In its first 10 years, the Retreat boasted the highest cure rate in the nation and, possibly, the world. Such claims, however, were largely due to the fact that the definition of cured at the time meant a patient had progressed enough to be reintroduced into society; it did not necessarily indicate that a patient’s symptoms had ceased.
Influx of Patients Brings Challenges
By 1843, when superintendant John S. Butler, MD, took control, the Hartford Retreat had already begun to change. Though the emphasis on moral treatment remained in place, the makeup of the patient population had shifted as the number of indigent insane in the state swelled due to the financial panic of 1837.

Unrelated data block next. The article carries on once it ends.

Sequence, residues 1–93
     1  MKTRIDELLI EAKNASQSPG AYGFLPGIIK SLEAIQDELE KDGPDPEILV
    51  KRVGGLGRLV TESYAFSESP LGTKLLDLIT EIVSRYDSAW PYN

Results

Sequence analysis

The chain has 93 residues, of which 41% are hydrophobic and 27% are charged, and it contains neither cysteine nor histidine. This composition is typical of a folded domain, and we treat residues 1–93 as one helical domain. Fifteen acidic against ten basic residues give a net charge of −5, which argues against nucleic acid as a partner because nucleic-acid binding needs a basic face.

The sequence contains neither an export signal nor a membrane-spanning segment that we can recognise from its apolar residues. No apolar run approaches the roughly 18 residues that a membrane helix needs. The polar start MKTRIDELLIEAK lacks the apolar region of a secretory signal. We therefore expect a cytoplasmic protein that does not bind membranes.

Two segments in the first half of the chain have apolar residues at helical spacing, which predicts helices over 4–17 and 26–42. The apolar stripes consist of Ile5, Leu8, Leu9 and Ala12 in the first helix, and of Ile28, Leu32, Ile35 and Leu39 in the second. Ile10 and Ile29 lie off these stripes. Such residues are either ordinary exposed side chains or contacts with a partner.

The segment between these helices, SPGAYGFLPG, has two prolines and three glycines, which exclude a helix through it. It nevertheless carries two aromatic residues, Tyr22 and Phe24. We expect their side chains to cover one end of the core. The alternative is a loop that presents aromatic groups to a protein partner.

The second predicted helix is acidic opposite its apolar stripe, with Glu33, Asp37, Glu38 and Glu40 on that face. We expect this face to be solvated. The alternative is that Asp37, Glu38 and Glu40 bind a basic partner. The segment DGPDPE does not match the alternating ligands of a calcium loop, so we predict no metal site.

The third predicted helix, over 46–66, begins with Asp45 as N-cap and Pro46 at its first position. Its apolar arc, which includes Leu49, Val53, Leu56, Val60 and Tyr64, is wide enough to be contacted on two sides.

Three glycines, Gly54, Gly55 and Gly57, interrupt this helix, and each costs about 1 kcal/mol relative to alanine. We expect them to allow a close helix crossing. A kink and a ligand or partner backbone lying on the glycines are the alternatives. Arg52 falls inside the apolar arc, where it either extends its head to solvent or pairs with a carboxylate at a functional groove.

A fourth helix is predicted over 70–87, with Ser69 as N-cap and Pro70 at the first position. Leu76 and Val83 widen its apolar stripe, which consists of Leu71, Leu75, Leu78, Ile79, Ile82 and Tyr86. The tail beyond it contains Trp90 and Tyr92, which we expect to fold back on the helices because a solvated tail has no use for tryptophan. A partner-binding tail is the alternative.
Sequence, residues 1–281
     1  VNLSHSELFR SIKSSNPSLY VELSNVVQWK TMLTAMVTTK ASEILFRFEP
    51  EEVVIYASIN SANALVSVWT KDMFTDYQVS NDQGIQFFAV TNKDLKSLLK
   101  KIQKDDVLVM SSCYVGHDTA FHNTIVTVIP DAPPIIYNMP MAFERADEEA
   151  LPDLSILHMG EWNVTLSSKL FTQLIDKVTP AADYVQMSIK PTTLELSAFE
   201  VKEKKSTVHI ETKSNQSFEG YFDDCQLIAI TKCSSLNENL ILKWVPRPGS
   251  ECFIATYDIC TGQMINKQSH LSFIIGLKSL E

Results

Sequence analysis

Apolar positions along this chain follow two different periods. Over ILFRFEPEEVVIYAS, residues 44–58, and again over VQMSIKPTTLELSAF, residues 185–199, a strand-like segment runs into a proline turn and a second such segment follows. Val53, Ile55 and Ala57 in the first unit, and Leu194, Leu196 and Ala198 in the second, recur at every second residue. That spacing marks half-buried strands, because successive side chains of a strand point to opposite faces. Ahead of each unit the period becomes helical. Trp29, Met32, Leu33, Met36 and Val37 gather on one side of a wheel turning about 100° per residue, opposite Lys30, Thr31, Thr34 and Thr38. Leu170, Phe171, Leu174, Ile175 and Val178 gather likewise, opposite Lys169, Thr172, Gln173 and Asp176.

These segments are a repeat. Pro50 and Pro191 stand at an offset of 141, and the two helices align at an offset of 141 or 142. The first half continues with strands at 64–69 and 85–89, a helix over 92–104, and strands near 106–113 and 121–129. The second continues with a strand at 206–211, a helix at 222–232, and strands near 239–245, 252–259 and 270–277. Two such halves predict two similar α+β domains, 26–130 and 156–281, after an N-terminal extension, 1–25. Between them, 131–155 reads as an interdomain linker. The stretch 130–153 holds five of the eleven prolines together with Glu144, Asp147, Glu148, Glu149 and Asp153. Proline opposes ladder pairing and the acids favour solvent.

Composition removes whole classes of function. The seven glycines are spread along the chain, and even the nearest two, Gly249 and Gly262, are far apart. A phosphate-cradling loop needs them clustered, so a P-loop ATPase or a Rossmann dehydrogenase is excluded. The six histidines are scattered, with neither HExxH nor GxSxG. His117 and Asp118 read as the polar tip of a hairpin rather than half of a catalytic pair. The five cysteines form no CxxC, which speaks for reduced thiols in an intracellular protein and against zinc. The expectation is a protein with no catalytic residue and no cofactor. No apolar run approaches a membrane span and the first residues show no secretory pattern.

The number of individuals in Connecticut counted as insane tallied over 700 in 1838, and an increasing number of them were without adequate family care. Though efforts had been made to create a state-wide asylum for the insane poor, the political will was lacking until after the Civil War. In the short term, the Hartford Retreat, the only institution of its kind in the state, was expanded and began a much closer relationship with the state as it began to take state-subsidized insane poor as patients.
The usual patient at the Hartford Retreat paid roughly $4.00 a week and the stay was relatively short. A significant percentage of the clientele came from well-to-do families and could also afford special amenities like a larger private room and personal attendants. In contrast, the new state-subsidized patients paid $2.50 a week and, on average, stayed for longer periods. This was largely due to the fact that many of the insane poor were suffering from more severe disorders than the more affluent patients.